2019 Annual Report

Principled Leadership in a Challenging World

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The Secret of Heritage’s Success: Our Members

Members socializing at the 2019 Annual Leadership Conference in California.

The 2018 elections weakened the hand of conservative lawmakers and emboldened the Left. Liberal leaders took up the gavel in the House and were pushed even further left by the media’s newest darlings: “The Squad.” Medicare for All, the Green New Deal, and other radical proposals came hard and fast.

But Heritage members were having none of it. They fought back by giving as never before to the one think tank uniquely capable of stopping the Left’s agenda in its tracks.

At our Annual Leadership Conference in April, our generous donors contributed a record-breaking $14 million to Heritage, thanks to a matching gift challenge issued by our Board of Trustees.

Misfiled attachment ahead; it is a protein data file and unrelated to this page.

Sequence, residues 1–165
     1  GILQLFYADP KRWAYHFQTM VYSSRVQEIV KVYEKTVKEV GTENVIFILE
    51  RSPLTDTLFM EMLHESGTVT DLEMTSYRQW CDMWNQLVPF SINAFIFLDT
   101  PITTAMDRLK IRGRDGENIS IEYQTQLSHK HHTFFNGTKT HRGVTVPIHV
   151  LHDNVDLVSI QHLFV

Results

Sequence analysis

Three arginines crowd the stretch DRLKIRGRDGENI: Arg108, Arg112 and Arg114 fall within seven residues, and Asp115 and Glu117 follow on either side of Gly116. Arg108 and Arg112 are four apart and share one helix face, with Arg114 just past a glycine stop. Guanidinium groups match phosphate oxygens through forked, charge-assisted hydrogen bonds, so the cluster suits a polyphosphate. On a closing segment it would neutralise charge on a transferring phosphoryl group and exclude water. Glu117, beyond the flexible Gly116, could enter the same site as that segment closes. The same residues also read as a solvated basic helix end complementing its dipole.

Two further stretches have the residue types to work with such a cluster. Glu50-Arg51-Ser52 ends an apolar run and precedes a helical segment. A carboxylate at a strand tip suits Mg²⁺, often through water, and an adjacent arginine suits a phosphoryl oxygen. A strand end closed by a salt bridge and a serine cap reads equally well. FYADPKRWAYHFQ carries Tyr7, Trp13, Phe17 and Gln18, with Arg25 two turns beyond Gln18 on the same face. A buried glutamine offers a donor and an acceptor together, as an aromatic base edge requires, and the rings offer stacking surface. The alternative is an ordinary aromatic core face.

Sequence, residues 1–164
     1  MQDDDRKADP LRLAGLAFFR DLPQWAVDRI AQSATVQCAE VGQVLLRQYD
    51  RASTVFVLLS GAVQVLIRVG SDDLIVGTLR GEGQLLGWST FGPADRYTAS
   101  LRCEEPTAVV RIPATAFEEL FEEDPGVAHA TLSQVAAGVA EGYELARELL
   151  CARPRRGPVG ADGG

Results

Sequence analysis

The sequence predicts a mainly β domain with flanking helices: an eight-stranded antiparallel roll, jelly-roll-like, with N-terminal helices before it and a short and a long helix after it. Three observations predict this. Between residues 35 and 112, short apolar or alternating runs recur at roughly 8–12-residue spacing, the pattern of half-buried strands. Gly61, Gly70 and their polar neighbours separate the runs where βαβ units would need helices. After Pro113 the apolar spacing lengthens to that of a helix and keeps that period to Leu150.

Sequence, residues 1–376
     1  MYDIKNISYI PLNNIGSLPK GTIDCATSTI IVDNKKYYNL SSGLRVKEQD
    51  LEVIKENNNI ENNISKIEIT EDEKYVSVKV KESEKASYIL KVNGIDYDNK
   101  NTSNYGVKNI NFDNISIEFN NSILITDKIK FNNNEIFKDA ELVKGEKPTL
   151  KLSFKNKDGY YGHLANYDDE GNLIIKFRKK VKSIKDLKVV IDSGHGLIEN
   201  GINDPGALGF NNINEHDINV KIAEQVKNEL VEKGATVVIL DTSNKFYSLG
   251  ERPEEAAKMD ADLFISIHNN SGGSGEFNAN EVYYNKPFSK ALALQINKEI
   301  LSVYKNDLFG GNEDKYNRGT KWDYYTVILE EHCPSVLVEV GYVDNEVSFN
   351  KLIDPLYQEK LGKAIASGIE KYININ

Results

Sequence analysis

That energy continued throughout 2019. By year’s end, our incredible supporters, now numbering more than a half million, contributed nearly $153 million in gifts, pledges, and estate commitments to Heritage and Heritage Action.

This outpouring of support is humbling and most deeply appreciated. It enabled us to achieve the many victories noted in this report—and more.

As gratifying as those victories are, some of our best experiences in 2019 came when we at Heritage were able to spend time with our members in meetings across the nation. We held 25 regional member meetings throughout the year, including unforgettable events with Jordan Peterson in New York City and Sebastian Gorka in Naples, Florida. Together, we drilled down on the issues, discussed alternative solutions, brainstormed new ideas, and forged new partnerships.

The crown jewel of the year was our annual President’s Club Meeting, which included our first-ever Heritage Honors Gala. Headlined by Vice President Mike Pence, the gala was a star-studded evening of unabashed patriotism and celebration. And even in October, we had much to celebrate, from victories on deregulation to a strengthened military and border security, from new protections for the unborn to the appointment of scores of constitutionalist judges.